Gil Mildar
As the song says, a Latin American with no money in his pocket.

Character Isn’t Built With a Tweet

In the space between typed and deleted words, in the gap between the said and the unsaid, lies an abyss of meaning. In the awkward silence following the deleted tweet, Prime Minister Netanyahu, perhaps unwittingly, revealed the darker side of leadership—one that shuns the mirror of self-reflection but is ever ready to reflect blame onto others.

Yet blame is a stubborn shadow; it doesn’t simply vanish because we choose to look the other way. In fact, the act of pointing fingers is the most telling act of all. It shows a willingness to sacrifice the collective for the ego, to subvert truth in the name of self-preservation.

You see, this is not just a leader who made a slip in communication. This is a man who holds the reins of a nation whose history is deeply entwined with struggles and sacrifices. Israel, this sliver of land and sea, of desert and green, is not just a country; it’s a narrative lived by millions, an experiment in a constant state of becoming.

And what does this flickering on and off of a tweet say about this constant state? It tells us that leadership is fragile, that trust is a rare currency, and that integrity is perhaps the last unconquered frontier. In the digital omission of a leader, we find the unspoken admission of a deeper moral failing. And the problem with moral failings is that they don’t stay contained; they spread, like cracks in a glass, affecting the entire structure.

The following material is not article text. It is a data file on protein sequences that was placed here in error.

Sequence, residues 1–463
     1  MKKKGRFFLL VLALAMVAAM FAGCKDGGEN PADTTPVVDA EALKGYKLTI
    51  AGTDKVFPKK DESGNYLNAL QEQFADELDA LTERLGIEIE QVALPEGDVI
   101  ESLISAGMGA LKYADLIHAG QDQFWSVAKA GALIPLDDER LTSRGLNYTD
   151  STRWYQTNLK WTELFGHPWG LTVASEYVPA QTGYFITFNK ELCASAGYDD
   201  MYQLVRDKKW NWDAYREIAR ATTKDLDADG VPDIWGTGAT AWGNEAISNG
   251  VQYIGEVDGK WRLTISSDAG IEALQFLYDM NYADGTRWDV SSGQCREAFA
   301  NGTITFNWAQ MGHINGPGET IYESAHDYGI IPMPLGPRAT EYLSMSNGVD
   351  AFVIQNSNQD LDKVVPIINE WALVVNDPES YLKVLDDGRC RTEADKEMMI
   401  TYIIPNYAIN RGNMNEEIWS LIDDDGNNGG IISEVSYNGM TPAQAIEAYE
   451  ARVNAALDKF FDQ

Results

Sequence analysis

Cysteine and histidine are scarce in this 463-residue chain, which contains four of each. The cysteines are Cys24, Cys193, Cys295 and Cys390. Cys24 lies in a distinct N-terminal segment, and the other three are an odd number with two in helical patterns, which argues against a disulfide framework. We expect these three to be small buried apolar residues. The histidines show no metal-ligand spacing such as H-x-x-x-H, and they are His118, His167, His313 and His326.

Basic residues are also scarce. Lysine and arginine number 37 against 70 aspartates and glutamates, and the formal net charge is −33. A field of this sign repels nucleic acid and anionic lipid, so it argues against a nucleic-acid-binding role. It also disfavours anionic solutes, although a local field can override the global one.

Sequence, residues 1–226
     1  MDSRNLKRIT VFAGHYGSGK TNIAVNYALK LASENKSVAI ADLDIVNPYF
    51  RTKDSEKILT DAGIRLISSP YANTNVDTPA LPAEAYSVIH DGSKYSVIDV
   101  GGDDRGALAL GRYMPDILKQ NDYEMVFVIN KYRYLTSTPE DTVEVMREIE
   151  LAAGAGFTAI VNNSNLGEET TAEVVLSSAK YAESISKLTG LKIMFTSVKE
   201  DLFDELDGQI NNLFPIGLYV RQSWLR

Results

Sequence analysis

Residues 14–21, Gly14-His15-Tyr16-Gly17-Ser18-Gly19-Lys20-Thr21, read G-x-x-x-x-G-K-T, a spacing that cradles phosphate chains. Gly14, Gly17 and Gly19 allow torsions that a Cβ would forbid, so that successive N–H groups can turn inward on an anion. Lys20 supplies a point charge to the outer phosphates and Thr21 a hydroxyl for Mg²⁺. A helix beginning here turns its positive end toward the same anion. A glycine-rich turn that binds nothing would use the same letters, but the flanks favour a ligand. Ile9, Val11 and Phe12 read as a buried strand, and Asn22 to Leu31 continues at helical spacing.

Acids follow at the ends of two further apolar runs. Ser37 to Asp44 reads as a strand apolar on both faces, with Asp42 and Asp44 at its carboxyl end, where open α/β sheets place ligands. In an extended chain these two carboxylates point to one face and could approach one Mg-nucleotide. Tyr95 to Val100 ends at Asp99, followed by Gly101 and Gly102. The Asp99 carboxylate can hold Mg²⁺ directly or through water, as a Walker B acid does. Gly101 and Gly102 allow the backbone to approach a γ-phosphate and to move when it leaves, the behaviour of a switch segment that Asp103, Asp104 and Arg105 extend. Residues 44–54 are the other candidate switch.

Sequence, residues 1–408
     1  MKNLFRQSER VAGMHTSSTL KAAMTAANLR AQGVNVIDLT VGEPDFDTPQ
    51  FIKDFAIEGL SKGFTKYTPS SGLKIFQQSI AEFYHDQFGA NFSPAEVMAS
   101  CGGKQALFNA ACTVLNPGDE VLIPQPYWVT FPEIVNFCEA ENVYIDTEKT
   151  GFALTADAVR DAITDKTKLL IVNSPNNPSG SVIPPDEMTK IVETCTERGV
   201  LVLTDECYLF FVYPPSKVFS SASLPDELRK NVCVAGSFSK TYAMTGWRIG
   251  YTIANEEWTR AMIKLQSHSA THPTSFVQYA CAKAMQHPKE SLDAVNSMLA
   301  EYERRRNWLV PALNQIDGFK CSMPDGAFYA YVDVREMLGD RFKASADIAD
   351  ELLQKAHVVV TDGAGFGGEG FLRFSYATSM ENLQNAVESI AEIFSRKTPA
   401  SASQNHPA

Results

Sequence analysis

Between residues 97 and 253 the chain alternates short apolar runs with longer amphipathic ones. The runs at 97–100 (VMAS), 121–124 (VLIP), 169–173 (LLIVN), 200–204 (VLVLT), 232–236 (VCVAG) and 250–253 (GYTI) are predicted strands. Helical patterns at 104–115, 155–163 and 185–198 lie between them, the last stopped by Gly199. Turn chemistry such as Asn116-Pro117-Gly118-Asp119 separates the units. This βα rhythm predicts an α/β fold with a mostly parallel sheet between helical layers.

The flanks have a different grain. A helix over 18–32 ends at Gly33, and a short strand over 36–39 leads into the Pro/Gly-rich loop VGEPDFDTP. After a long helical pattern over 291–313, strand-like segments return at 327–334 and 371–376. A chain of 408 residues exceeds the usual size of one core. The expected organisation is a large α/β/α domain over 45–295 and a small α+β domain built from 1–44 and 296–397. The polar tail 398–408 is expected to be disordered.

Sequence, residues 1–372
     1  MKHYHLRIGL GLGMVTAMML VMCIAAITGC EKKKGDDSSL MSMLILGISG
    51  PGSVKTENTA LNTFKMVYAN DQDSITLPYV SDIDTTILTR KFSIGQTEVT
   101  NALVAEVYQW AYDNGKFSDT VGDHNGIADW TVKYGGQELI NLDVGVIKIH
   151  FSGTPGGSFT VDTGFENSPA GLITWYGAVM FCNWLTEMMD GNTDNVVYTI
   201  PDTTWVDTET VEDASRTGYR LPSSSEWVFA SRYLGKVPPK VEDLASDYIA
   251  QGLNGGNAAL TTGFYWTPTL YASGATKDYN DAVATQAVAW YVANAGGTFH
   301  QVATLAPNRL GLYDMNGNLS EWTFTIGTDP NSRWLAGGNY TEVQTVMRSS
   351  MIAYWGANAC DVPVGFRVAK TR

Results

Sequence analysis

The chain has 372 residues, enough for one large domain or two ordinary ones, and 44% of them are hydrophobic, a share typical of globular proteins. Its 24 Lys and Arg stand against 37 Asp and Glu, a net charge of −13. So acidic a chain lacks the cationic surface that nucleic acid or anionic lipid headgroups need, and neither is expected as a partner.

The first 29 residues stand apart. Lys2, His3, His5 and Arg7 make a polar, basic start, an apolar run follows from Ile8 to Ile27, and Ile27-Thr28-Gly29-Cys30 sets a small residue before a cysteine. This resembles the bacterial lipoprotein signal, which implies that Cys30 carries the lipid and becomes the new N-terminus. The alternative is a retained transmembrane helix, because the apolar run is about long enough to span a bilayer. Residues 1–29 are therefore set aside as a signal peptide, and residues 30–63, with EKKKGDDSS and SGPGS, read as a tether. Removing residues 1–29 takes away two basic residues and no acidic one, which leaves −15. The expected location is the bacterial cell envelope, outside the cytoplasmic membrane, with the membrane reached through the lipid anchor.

The paradox is that, in his impulse for self-protection, the leader might end up leaving unprotected those he vowed to defend. A leader who wavers when it comes time to assume responsibility becomes a weak link in the chain that binds a people. And in a time where survival is the hanging question of each dawn, every link counts.

Erasing a tweet might be a second’s act, but the ripples it creates echo in the fabric of time, disturbing the delicate balance between public trust and private duty, between what is spoken in public and what is whispered in the corridors of power.

So, as fingers point and tweets disappear, the question remains: How far will a leader go to protect himself, and at what cost to those he leads? The answer, I fear, is written not in words but in actions, and those, unlike a tweet, cannot be erased.

About the Author
Gil Mildar is a 60-year-old Brazilian who made Aliyah a few years ago. He holds a Law degree from the Universidade do Vale do Rio dos Sinos in Brazil and a postgraduate degree in Marketing from the Universidad de Belgrano in Argentina. Over the years, he has had the opportunity to work in Brazil, Argentina, South Africa, and now Israel. For the past 30 years, his focus has been on marketing projects in Latin America.
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